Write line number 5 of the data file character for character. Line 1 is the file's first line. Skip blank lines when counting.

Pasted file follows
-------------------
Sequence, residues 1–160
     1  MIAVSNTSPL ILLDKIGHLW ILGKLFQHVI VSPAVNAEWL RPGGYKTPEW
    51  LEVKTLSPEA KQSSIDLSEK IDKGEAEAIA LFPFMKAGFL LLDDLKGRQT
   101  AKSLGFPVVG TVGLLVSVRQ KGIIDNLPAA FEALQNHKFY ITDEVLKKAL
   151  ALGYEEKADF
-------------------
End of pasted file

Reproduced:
   151  ALGYEEKADF